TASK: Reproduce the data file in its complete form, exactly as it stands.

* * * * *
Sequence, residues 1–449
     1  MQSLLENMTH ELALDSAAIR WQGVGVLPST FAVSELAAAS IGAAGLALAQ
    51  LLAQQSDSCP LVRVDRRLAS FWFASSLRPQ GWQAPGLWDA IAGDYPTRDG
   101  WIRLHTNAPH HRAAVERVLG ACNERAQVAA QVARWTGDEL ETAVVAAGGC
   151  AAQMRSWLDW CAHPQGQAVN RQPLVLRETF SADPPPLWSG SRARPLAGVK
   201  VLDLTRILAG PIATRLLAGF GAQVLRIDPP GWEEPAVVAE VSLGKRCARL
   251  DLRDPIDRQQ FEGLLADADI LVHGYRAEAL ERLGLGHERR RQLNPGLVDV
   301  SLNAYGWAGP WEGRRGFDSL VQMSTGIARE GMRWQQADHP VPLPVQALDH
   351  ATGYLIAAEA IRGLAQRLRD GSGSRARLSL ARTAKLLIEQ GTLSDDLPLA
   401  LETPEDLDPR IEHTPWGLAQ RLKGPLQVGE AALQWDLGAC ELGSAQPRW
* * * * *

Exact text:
Sequence, residues 1–449
     1  MQSLLENMTH ELALDSAAIR WQGVGVLPST FAVSELAAAS IGAAGLALAQ
    51  LLAQQSDSCP LVRVDRRLAS FWFASSLRPQ GWQAPGLWDA IAGDYPTRDG
   101  WIRLHTNAPH HRAAVERVLG ACNERAQVAA QVARWTGDEL ETAVVAAGGC
   151  AAQMRSWLDW CAHPQGQAVN RQPLVLRETF SADPPPLWSG SRARPLAGVK
   201  VLDLTRILAG PIATRLLAGF GAQVLRIDPP GWEEPAVVAE VSLGKRCARL
   251  DLRDPIDRQQ FEGLLADADI LVHGYRAEAL ERLGLGHERR RQLNPGLVDV
   301  SLNAYGWAGP WEGRRGFDSL VQMSTGIARE GMRWQQADHP VPLPVQALDH
   351  ATGYLIAAEA IRGLAQRLRD GSGSRARLSL ARTAKLLIEQ GTLSDDLPLA
   401  LETPEDLDPR IEHTPWGLAQ RLKGPLQVGE AALQWDLGAC ELGSAQPRW